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STI plummets 6.2% in early Friday trade, tracking global rout

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Singapore shares plunged at Friday's open, after global equities slumped overnight and US stocks sank by the most since the "Black Monday" market crash in 1987.

SINGAPORE shares plunged at Friday's open, after global equities slumped overnight and US stocks sank by the most since the "Black Monday" market crash in 1987.

Over at the Singapore bourse, the benchmark Straits Times Index (STI) nosedived 132.56 points or 5 per cent to 2,546.08 as at 9am, creating a new 52-week low.

By 9.16am, the STI had sunk further to 2,513.34, down 165.30 points or 6.2 per cent. Decliners outnumbered advancers 295 to 29, with about 308.1 million securities worth S$369.6 million changing hands.

Among the most heavily traded by volume, Singtel fell S$0.14 or 5.1 per cent to S$2.60, with five million shares traded, while Yangzijiang Shipbuilding retreated S$0.05 or 6.3 per cent to S$0.75, with 4.3 million shares changing hands.

The trio of banking stocks also slumped in the early session of trading. DBS plunged S$1.15 or 5.7 per cent to S$19.05, United Overseas Bank dropped S$1.06 or 5.2 per cent to S$19.47, while OCBC Bank declined S$0.32 or 3.5 per cent to S$8.79.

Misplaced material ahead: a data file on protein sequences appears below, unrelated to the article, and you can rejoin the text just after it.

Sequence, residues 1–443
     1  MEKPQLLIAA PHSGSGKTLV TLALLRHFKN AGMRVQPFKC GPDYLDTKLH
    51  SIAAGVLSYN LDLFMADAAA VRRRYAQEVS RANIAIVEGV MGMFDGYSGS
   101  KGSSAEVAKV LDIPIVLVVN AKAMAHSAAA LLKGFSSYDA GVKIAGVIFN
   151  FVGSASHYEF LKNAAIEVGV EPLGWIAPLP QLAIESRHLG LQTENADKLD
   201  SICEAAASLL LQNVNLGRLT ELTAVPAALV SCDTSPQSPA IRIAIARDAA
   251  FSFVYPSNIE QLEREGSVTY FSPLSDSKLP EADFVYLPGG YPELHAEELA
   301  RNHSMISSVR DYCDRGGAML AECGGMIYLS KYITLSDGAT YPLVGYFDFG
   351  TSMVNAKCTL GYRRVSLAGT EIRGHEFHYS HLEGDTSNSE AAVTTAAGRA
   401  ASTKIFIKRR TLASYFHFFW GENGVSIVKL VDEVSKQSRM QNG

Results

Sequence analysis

Other active index securities included Ascendas Reit, which fell S$0.24 or 7.6 per cent to S$2.91, and ST Engineering, which lost S$0.28 or 7.3 per cent to S$3.57.

Amid a sea of red during the early trading session, Genting Singapore shed five Singapore cents or 7.2 per cent to 64.5 cents, while Singapore Airlines tumbled S$0.51 or 7 per cent to S$6.83.

IG market strategist Pan Jingyi noted: "Between the lack of a strong US fiscal response and the latest travel ban for arrivals from Europe to the US, global markets appear to have been tipped over into a sell-everything mode. While Asia is expected to follow suit this Friday, US futures are signalling that the worst is not over yet."

She added that haven assets are not spared in the global sell-off and that volatility in the markets could sustain at least for the next month. 

Elsewhere in the Asia-Pacific region, Japan's Topix shed 7 per cent, South Korea's Kospi tumbled 8 per cent, and Australia's S&P/ASX 200 Index lost 6.3 per cent.

Over in the US, Wall Street stocks suffered yet another bruising rout overnight, as President Donald Trump's latest attempt to address the novel coronavirus outbreak - banning entry from most European countries to the US - disappointed investors, who had expected the government to do more to bolster the economy.

At the closing bell on Thursday, the Dow Jones Industrial Average stood at 21,197.90, a loss of 2,352 points, while the broad-based S&P 500 plunged 9.5 per cent to 2,479.90 and the tech-rich Nasdaq Composite Index sank 9.5 per cent to 7,195.64.